Ed Burrell

Working with family archival material produced from 1940-83 when my paternal grandfather was stationed with the British military intelligence service in Libya, Malta and Cyprus, I am trying to understand the ways that violence underlines the imperial family unit and how my white, transmasculine, often sick body has been formed and categorised, benefited and suffered at the hands of these structures. In reading the archival material, including digitized cinefilm, against itself, I am trying to begin to form a way of living that can be both future looking and ongoingly healing whilst enfolding into itself and slowly metabolising the ongoing violences embedded in the ways I have been taught to love. Important touchstones have been Nicholas Mirzoeff’s White Sight and Michelle Murphy’s Alterlife.

Having made a drastic shift from a visual language deeply informed by minimalism in the last year of my degree, I am moving toward forming a language that ongoingly learns to handle these histories challengingly and with complexity, no longer trusting an institutionally accepted language to be able to do this. Michelle Murphy’s understanding of alterlife has become important in the way I approach this enquiry. She describes alterlife as “the struggle to exist again but differently when already in conflicted, and deadly conditions, a state of already having been altered, of already being in the aftermath, and yet persisting.” It is “... a project aimed at summoning new forms of humanity, not preserving the human that histories of deep violence have created,” and asks “which structures have to end to make room for liveable ways of being together.”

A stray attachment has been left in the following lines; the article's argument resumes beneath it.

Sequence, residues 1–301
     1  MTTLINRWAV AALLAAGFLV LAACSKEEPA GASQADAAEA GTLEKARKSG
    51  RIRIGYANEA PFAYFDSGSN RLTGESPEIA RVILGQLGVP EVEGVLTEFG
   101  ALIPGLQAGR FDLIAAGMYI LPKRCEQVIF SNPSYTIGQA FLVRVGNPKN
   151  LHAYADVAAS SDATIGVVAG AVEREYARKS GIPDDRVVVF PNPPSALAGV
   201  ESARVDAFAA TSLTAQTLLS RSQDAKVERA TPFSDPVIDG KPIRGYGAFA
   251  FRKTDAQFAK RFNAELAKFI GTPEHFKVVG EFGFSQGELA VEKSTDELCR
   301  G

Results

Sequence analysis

Mirzoeff’s White Sight outlines the ways in which sculpture and monuments enforce whiteness through spatialisation, putting words to my instinctive shift away from minimalism’s monumentalism. The camera is an enduring tool of racialised violence, historically intertwining with medicalisation of queerness. This has been important in understanding how this inherited footage can be ostensibly loving and yet necessarily underscored by sublimated violence.

I am trying to weave this into the material existence of my work by intervening on inherited objects and footage, embodying my attempts to live in the aftermath and begin to string out a new way of living, beginning by re-reading and re-seeing inherited material as a metonym for colonial home-making structures.

Camberwell UAL 2019-2020
Slade School of Fine Art 2020-2024